A Second Look at the IDF

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18 Responses

  1. Menachem Lipkin says:

    Such an important message to publicize. Yasher Koach!

  2. Yaakov Menken says:

    Your recent view of the IDF is both positive and enlightening. I think it harms the overall article to piddle about issues and refer to the “myth” of a lack of tzniyus in the IDF — because it, too, is possibly a relic of the past. Apparently skirts were always issued to reach past the knee, according to a lawyer friend who worked with the planning directorate, which oversaw all IDF regulations — but modifications were commonly overlooked. Over the past decade, this has been addressed, he says, and not merely for the religious — but even today, like male soldiers with pierced ears, it may be overlooked on a unit by unit basis.

    Say things are improving. Don’t pretend there was never a problem, or that perfection has arrived. This is certainly a very different IDF than the one many of us remember!

  3. cvmay says:

    I remember Eli from his days in Brooklyn.
    What a tremendous zechus to be living, learning, serving and bringing up a mishpacho in Eretz Yisrael. Thank you for your updated, on-site article about IDF attitudes and possibilities. Baruch Hashem with the increase of Torah Observant aliyah to Eretz Yisrael changes are noticeable in all realms of government and in communities. There has always been ‘Power in Numbers’.

  4. concerned says:

    Thank you for this enlightening article. It gives much hope for the future of all jews in Eretz Yisrael.

  5. Tzei U'lmad says:

    IDF more Chareidi-friendly?…….now what do we do?????

  6. aharon says:

    This post by Eli is heart warming and inspiring both in exposing a much more chareidi friendly attitude of the army as well as the obviously positive impact it has made on Eli’s life. I would not want to be mezalzel it especially since I have not served in the army myself (though my oldest son did just begin). Yet I still think it is very sad that only the hope of employment pushed Eli in this direction as opposed to sense of obligation, ethics, or G-d forbid, Mitzvat Aseh. I hope that attitude may have changed by now a little.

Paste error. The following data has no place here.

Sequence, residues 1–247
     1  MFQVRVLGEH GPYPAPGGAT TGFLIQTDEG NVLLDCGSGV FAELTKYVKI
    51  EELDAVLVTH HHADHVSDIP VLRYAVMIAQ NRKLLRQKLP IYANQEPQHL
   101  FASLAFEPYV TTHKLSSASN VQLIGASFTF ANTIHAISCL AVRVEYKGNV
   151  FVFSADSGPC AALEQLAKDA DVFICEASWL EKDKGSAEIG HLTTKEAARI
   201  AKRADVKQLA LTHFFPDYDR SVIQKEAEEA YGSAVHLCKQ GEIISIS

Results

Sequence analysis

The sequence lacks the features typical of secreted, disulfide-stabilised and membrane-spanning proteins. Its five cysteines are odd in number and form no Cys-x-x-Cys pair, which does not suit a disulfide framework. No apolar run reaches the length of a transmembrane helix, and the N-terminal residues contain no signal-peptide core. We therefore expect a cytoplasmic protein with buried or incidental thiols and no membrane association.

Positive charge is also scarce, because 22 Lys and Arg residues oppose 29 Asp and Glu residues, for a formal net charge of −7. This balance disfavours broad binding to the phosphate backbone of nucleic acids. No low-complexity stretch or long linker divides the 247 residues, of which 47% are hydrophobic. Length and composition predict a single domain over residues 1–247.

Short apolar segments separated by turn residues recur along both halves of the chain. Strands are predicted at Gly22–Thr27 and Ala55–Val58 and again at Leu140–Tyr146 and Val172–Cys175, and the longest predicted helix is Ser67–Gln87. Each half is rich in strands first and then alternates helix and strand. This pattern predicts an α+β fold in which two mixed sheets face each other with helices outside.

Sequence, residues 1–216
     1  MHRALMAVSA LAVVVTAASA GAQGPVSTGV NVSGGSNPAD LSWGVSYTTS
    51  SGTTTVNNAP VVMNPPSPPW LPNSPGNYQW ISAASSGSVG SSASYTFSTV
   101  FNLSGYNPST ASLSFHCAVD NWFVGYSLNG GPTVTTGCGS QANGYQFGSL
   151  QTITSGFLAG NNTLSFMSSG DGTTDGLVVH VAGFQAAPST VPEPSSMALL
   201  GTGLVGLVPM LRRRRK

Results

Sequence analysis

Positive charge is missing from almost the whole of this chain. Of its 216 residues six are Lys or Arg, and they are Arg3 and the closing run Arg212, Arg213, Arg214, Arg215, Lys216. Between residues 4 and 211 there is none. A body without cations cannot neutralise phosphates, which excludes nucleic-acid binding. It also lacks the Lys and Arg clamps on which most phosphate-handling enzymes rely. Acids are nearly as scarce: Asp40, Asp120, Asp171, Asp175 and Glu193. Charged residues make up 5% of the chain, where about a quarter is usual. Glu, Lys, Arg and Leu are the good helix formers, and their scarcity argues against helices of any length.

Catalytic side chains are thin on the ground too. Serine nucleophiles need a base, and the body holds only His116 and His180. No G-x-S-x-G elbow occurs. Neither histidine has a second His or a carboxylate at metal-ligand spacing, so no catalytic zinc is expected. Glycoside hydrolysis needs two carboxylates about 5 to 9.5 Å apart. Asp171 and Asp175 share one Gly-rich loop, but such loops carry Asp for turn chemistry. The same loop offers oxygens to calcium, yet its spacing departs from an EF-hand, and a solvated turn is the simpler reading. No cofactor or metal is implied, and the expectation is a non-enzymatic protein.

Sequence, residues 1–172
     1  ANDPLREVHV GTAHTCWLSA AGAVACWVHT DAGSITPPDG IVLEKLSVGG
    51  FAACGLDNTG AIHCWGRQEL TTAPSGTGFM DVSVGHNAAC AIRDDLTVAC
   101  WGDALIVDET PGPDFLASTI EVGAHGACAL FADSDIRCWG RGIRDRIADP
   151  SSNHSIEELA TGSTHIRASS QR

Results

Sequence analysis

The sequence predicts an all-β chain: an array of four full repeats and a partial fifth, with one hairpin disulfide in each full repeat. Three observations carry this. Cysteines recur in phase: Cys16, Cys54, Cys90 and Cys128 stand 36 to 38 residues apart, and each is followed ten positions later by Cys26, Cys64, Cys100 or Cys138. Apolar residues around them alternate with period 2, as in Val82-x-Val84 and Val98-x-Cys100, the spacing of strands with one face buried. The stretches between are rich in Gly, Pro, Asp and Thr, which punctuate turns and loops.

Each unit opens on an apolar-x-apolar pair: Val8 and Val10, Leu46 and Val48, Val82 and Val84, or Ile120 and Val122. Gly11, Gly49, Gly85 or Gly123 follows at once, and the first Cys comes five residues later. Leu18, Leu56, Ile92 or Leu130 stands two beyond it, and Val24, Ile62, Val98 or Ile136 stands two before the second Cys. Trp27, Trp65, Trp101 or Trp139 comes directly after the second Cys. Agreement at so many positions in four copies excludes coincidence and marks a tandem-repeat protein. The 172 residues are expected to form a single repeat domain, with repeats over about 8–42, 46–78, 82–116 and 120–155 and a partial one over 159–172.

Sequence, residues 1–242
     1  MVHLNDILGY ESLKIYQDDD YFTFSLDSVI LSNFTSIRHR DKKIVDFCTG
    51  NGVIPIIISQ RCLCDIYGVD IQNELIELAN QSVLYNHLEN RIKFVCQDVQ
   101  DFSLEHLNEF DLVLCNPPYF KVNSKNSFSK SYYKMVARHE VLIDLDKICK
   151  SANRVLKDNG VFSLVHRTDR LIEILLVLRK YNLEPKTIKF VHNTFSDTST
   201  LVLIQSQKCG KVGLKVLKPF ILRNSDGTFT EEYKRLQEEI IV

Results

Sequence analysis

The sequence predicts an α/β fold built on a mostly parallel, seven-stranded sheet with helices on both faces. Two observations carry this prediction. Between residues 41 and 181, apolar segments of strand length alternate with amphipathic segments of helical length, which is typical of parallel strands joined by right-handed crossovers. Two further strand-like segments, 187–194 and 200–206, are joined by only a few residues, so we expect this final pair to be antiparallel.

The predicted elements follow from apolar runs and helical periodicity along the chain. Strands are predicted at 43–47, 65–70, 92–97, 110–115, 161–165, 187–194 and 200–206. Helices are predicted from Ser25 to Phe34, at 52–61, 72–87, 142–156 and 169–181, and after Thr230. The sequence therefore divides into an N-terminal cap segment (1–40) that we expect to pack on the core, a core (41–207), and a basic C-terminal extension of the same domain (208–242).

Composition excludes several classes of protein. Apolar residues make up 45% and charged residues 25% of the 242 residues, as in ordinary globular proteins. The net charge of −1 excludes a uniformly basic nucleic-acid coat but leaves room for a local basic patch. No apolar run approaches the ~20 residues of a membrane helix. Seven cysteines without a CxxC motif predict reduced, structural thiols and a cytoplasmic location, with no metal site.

And while a contribution is a contribution (again – and I am not maligning it) – I do have a somewhat sour feeling that my children will be (in the case of my oldest son and may be in the cases of my other three) risking their lives for the sake of protecting this country as opposed to getting job training. But I am not naive and I think this story as well as many others that have not been published give much hope that the attitudes may be changing – on both sides – and I commend Eli (and Cross-Currents) for publishing it.

  7. dovid landesman says:

    I would contend that General Zamir’s parting remarks reflect the frustration of the old guard with the emerging new reality of the IDF – a reality wonderfully portrayed by the author. That is not to say that there are not very difficult problems yet to be solved; however, there is now good will on the part of the high command to seek resolution and that is to be commended. In addition, the very high percentage of shomrei Torah in command positions – graduates of the mechinot and yeshivot hesder – bodes well for continued progress. It would be interesting – at least to me – if the next campaign platform of UTJ [Degel and Agudah] would include demands to make service easier for chareidi men who seek to fulfill their national obligations.

    What saddens me, however, is that programs like Shachar Kachol, Netzach Yehudah and the soon to be manned unit within the Israeli navy are still forbidden territory to the majority of the chareidi public. Rav Aron Leib remains the lonely man of faith among the rabbanim who exercise influence in the olam ha-Torah. To my mind, many remain mired in the events of the past instead of coming to the realization that Israel in 5771 is not the Israel of 5708. Conversations with and lectures that I have heard from gedolai Torah lead me to conclude that the Israeli olam ha-Torah still does not see itself as bearing responsibility for the development – security as well as financial – of the medinah but prefers to continue the status quo, the coffers of the State treasury supplementing the philanthropic bequests that replaced the kollelim of yore.

    There is a sentence in the article that seems to me to be representative of the problem:
    Too many American former avrechim like me have come here wanting to establish a life in Eretz Yisroel but ended up returning to N. America felt it was impossible because the road to any kind of job or training was blocked by lack of army service.
    Is that not sad; someone has convinced these avreichim that service in the IDF is a no-no – even if it means foregoing building a life in EY.

  8. Adam says:

    May HaShem bless and watch over you and all the other chayalim kedoshim – dati, chiloni and charedi. Am yisrael ECHAD v’chai!!

  9. Allan Katz says:

    Thanks for sharing.

    I have a question about the ‘smichah’ qualification being recognized as equivalent to a B.A
    Is smichah being recognized by all other sections of the army ?

    It would be great if smichah would be recognized as such within the Israeli civil service.
    To do so might require some compromise and flexibility from ‘ Higher learning ‘ authorities and the Torah leadership

    I agree with the job-nick sentiments mentioned above , but at least it is a move in the right direction.

  10. Steve Brizel says:

    What a great article! I think that it is imperative that this article gets as wide a circulation as possible so that it will demonstrate to the secular public that more and more Charedim are choosing army service as a means of gaining entry to a meaningful job and that the IDF is exceedingly sensitive to halachic issues.